The London Quarterly Review, Volumes 143-144

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Theodore Foster, 1877
 

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Page 106 - I was confirmed in this opinion, that he who would not be frustrate of his hope to write well hereafter in laudable things, ought himself to be a true poem ; that is, a composition and pattern of the best and honourablest things ; not presuming to sing high praises of heroic men, or famous cities, unless he have in himself the experience and the practice of all that which is praiseworthy...
Page 327 - British earth, that the ground on which he treads is holy, and consecrated by the genius of universal emancipation. No matter in what language his doom may have been pronounced ; no matter what complexion incompatible with freedom, an Indian or an African sun may have burnt upon...
Page 107 - Homer, to have written indecent things of the gods ; only this my mind gave me, that every free and gentle spirit, without that oath, ought to be born a knight, nor needed to expect the gilt spur, or the laying of a sword upon his shoulder to stir him up both by his counsel and his arm, to secure and protect the weakness of any attempted chastity.
Page 327 - ... no matter with what solemnities he may have been devoted upon the altar of slavery ; the first moment he touches the sacred soil of Britain, the altar and the god sink together in the dust ; his soul walks abroad in her own majesty ; his body swells beyond the measure of his chains that burst from around him, and he stands redeemed, regenerated, and disenthralled, by the irresistible Genius of UNIVERSAL EMANCIPATION ! [Here Mr.
Page 337 - I can say, and will say, that as a peer of parliament, as speaker of this right honourable house, as keeper of the great seal, as guardian of his majesty's conscience, as lord high chancellor of England, nay, even in that character alone in which the noble duke would think it an affront to be considered, — as a MAN, I am at this moment as respectable, — I beg leave to add, — I am at this time as much respected, as the proudest peer I now look down upon.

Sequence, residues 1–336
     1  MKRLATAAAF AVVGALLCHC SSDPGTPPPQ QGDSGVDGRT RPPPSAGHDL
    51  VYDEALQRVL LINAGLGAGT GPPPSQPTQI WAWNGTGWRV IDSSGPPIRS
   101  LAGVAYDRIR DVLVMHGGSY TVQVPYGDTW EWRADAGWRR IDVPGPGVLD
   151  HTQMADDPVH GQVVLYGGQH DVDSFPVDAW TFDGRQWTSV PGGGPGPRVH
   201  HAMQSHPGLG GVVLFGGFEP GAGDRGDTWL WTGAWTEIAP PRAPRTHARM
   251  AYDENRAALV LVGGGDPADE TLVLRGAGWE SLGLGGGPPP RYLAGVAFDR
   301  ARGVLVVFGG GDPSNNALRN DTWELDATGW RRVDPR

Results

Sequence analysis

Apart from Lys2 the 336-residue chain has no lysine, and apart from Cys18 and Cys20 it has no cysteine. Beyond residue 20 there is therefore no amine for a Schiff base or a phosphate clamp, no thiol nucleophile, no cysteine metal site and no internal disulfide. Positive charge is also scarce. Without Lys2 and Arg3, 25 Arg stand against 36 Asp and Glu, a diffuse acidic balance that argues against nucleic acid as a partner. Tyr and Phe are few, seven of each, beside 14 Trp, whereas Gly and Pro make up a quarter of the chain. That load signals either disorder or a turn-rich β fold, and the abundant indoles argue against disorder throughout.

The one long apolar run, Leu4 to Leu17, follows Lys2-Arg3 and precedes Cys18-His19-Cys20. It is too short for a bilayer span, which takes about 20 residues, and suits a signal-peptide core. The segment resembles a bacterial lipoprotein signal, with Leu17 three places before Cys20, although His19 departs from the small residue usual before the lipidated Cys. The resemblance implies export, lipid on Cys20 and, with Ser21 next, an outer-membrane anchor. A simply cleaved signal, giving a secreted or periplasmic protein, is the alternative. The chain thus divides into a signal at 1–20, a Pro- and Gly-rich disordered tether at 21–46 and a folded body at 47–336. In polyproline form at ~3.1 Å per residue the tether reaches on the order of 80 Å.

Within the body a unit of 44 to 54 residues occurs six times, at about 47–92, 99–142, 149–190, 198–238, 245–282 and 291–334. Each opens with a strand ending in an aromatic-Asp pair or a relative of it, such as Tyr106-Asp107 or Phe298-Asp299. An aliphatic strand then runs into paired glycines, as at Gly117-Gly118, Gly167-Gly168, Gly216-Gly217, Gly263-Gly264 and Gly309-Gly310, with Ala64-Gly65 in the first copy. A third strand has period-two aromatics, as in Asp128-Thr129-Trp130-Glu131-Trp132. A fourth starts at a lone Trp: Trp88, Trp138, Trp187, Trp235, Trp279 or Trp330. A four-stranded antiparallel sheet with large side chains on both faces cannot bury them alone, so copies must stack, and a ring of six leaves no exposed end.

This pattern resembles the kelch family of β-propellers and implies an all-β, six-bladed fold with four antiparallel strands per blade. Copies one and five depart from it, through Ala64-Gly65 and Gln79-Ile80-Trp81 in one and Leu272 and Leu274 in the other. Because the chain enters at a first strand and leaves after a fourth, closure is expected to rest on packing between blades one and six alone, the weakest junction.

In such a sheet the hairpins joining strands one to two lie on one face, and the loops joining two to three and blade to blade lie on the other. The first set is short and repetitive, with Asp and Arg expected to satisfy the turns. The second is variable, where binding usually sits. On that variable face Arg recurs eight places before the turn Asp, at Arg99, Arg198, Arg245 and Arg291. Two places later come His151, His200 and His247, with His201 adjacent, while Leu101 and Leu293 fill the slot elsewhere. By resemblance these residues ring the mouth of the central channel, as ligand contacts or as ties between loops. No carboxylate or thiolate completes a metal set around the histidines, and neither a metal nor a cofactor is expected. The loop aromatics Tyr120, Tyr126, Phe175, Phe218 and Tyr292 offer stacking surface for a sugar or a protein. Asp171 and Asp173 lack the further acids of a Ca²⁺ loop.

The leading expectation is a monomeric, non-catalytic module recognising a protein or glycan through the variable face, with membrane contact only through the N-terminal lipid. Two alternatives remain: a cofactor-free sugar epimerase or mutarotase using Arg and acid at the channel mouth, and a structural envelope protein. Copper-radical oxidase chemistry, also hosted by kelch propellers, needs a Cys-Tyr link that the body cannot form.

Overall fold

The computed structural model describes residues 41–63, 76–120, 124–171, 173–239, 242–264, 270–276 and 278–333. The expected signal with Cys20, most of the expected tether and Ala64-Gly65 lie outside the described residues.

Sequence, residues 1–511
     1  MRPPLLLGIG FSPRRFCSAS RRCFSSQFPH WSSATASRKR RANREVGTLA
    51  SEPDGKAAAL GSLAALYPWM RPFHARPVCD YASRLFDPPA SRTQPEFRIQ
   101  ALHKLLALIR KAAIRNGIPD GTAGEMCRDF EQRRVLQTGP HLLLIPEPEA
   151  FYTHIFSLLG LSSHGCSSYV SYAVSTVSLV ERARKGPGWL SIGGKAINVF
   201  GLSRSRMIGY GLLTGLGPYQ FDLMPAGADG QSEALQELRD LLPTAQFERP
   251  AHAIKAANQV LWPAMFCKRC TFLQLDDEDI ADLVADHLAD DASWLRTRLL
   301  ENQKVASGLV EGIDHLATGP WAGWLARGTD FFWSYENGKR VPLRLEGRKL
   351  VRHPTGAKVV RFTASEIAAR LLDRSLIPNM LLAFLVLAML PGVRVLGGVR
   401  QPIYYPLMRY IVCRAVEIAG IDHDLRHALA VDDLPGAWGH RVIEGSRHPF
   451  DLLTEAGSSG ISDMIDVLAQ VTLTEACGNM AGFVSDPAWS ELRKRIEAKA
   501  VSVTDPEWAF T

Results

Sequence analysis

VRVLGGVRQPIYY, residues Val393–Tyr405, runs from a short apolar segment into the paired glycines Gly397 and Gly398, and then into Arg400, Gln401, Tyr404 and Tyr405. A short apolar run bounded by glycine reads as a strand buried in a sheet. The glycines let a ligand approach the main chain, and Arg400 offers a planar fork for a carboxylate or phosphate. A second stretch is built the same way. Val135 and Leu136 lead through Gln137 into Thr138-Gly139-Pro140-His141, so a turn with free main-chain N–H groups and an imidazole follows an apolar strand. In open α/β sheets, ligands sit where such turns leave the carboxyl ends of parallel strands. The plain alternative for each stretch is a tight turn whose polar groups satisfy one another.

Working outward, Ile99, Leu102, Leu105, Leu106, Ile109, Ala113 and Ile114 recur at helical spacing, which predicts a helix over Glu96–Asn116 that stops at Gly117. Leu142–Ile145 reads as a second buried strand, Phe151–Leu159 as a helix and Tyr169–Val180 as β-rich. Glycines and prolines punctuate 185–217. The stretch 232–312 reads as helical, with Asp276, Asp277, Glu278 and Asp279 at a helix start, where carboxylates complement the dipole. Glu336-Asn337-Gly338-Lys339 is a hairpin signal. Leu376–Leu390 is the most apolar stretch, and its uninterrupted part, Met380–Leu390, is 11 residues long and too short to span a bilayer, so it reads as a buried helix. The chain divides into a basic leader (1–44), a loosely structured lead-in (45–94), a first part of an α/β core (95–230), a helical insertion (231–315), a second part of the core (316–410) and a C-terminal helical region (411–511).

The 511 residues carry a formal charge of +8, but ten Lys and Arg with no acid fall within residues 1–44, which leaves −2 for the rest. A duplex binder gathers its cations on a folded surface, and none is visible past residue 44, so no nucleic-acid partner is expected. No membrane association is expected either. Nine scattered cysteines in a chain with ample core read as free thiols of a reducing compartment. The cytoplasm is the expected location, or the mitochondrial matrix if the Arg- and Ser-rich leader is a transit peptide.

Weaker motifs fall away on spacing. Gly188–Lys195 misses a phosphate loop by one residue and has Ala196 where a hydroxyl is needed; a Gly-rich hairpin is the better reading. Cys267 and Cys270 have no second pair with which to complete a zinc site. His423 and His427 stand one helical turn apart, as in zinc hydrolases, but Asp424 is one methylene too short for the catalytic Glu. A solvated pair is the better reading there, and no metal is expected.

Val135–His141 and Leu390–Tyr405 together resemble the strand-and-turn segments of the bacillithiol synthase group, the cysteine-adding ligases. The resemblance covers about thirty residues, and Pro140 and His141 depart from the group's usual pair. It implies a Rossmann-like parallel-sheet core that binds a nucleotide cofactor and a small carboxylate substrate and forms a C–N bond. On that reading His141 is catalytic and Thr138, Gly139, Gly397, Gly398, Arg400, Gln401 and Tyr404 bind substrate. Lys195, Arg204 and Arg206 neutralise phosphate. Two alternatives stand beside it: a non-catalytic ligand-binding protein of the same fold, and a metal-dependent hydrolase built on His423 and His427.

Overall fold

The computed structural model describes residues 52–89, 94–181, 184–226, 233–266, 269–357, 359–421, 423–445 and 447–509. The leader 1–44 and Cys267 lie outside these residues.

Page 341 - There is a popular impression, for which there is a good deal to be said, that a man who is his own lawyer has a fool for his client.
Page 44 - The Principles of Mental Physiology. With their Applications to the Training and Discipline of the Mind, and the Study of its Morbid Conditions.
Page 143 - Sir, (said he,) by doing so, you would do what would be of importance in raising your children to eminence. There would be a lustre reflected upon them from your spirit and curiosity. They would be at all times regarded as the children of a man who had gone to view the wall of China. I am serious, Sir.
Page 101 - The first thing to be considered in an epic poem is the fable, which is perfect or imperfect, according as the action which it relates is more or less so. This action should have three qualifications in it. First, it should be but one action; secondly, it should be an entire action; and thirdly, it should be a great action. To consider the action of the Iliad, jEneid, and Paradise Lost, in these three several lights.
Page 381 - His Imperial Majesty the Sultan, having, in his constant solicitude for the welfare of his subjects, issued a firman which, while ameliorating their condition without distinction of religion or of race, records his generous intentions towards the Christian population of his empire, and wishing to give a further proof of his sentiments in that respect, has resolved to communicate to the contracting parties the said firman, emanating spontaneously from his sovereign will.

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